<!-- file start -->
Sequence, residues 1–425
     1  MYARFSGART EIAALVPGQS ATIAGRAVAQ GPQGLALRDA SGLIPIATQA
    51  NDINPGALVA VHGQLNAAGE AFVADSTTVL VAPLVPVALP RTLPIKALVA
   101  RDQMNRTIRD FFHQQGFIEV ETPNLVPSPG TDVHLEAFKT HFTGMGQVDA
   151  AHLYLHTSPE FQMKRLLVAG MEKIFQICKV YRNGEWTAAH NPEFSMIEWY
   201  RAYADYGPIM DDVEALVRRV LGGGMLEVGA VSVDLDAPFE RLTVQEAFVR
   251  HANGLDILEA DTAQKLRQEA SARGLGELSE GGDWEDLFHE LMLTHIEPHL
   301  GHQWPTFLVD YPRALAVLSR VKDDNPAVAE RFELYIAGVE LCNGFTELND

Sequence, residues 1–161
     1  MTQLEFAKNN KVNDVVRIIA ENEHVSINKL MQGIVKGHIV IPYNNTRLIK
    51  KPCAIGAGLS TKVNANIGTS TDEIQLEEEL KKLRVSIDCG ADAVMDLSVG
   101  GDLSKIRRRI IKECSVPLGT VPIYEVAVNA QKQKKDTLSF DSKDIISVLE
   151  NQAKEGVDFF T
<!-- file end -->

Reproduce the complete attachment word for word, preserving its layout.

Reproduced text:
Sequence, residues 1–425
     1  MYARFSGART EIAALVPGQS ATIAGRAVAQ GPQGLALRDA SGLIPIATQA
    51  NDINPGALVA VHGQLNAAGE AFVADSTTVL VAPLVPVALP RTLPIKALVA
   101  RDQMNRTIRD FFHQQGFIEV ETPNLVPSPG TDVHLEAFKT HFTGMGQVDA
   151  AHLYLHTSPE FQMKRLLVAG MEKIFQICKV YRNGEWTAAH NPEFSMIEWY
   201  RAYADYGPIM DDVEALVRRV LGGGMLEVGA VSVDLDAPFE RLTVQEAFVR
   251  HANGLDILEA DTAQKLRQEA SARGLGELSE GGDWEDLFHE LMLTHIEPHL
   301  GHQWPTFLVD YPRALAVLSR VKDDNPAVAE RFELYIAGVE LCNGFTELND

Sequence, residues 1–161
     1  MTQLEFAKNN KVNDVVRIIA ENEHVSINKL MQGIVKGHIV IPYNNTRLIK
    51  KPCAIGAGLS TKVNANIGTS TDEIQLEEEL KKLRVSIDCG ADAVMDLSVG
   101  GDLSKIRRRI IKECSVPLGT VPIYEVAVNA QKQKKDTLSF DSKDIISVLE
   151  NQAKEGVDFF T